This is precisely the dilemma pro-lifers face in the next election. They can support a pro-choice candidate and hope that it will do no practical damage to their movement because he will mostly side with them on the issues that are in play — or even define the pro-life label down to the point where he qualifies. They can support a candidate with a long, mostly pro-life voting record who has never seemed comfortable with the issue and disagrees with pro-lifers on at least one major issue that is in play. They can support a candidate who agrees with them on every issue but has only done so since late 2004, early 2005. Or they can support a candidate with no chance of being nominated or elected.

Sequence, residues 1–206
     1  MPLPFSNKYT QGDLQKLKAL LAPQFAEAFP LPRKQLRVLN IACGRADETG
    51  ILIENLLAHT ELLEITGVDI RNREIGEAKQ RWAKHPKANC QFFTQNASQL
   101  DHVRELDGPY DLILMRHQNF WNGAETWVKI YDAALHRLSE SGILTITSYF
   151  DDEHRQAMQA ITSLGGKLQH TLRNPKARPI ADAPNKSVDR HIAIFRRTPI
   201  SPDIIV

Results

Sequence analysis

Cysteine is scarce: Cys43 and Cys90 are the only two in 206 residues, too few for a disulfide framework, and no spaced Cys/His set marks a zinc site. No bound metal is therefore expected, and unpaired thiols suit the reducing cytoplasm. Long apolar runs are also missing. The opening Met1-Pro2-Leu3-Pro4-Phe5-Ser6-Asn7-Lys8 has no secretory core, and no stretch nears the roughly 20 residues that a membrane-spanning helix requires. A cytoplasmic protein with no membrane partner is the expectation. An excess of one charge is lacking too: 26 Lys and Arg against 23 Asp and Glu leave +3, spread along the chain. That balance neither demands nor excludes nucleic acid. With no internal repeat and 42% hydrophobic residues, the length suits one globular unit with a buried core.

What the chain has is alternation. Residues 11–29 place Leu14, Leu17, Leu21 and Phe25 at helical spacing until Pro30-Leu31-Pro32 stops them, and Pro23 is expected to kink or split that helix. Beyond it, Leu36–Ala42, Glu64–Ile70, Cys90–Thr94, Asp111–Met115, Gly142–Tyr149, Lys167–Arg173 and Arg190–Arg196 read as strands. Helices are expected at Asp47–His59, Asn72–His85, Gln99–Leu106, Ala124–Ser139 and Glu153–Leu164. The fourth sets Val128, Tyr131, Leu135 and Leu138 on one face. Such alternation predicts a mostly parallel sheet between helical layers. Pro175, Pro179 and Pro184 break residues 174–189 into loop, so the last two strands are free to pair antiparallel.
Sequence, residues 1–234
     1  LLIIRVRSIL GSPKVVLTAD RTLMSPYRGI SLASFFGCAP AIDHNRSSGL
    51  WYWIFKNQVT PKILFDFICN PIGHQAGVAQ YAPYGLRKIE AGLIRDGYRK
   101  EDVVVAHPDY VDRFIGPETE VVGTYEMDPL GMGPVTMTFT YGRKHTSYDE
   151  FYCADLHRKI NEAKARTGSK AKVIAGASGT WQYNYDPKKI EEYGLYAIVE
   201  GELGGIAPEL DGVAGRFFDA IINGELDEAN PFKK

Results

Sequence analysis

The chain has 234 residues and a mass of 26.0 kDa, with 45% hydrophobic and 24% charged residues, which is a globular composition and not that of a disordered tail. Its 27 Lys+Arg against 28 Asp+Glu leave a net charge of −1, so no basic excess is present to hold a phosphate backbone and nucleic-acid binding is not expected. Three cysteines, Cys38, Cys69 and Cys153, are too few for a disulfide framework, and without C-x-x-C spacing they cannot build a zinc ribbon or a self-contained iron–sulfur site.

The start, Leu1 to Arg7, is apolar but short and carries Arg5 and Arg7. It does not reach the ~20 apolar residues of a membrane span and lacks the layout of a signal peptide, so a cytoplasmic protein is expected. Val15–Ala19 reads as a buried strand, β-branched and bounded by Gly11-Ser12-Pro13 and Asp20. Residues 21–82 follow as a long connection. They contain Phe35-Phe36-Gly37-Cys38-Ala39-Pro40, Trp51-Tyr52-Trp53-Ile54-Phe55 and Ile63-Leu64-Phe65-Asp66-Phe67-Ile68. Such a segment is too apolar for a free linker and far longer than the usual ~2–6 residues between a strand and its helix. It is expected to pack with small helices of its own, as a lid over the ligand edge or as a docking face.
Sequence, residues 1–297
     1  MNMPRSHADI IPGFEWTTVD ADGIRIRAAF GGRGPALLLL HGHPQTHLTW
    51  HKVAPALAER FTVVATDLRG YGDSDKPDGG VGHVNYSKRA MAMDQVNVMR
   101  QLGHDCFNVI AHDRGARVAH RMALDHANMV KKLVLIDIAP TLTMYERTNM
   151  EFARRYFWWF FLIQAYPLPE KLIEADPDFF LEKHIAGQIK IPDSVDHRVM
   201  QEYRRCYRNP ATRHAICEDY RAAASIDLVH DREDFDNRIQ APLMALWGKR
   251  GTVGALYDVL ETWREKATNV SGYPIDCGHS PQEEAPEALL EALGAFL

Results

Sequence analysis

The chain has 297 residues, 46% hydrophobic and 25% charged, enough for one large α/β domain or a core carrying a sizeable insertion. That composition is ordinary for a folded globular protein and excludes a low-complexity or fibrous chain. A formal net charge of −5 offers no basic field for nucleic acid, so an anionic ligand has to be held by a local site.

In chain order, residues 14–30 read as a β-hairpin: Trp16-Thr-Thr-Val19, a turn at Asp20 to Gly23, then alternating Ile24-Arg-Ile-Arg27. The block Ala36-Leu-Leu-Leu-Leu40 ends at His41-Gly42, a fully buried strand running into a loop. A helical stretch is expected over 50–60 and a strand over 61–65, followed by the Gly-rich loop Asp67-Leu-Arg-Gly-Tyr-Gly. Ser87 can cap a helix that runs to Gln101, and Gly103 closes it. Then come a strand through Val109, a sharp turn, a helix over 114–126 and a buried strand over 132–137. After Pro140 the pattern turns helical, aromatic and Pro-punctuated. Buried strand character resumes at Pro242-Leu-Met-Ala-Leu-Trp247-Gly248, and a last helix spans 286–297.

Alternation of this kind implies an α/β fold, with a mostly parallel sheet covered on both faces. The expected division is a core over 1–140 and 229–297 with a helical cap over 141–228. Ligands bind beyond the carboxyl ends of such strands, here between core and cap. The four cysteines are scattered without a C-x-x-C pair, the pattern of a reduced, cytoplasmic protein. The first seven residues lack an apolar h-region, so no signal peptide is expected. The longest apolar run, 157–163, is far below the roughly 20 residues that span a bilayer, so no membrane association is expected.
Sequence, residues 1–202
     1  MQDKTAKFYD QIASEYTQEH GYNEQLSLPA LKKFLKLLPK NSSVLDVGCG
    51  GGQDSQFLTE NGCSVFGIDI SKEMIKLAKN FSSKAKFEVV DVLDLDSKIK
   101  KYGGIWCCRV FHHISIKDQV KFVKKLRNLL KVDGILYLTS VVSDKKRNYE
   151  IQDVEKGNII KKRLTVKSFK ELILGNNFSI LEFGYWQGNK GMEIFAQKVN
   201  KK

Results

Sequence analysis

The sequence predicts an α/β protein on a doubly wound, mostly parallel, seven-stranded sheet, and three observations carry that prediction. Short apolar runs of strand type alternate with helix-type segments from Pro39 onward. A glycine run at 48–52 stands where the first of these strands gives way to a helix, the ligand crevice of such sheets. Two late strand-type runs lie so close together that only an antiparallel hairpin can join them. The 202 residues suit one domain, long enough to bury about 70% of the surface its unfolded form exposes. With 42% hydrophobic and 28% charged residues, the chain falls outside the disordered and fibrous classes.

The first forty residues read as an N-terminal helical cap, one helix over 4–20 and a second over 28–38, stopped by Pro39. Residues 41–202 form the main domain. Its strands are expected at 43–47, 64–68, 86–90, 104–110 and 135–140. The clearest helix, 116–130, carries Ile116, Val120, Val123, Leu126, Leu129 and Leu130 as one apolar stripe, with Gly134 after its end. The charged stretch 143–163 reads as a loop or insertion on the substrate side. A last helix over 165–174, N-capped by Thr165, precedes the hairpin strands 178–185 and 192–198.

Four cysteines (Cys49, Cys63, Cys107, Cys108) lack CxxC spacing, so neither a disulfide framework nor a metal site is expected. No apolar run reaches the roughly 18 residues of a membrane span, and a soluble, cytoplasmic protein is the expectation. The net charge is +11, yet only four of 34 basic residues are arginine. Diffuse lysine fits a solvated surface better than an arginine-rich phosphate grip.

That’s one of the reasons so many people waited for Fred Thompson to get in. And, as we’ve covered on this blog, he has proved to have his own problems from a pro-life perspective.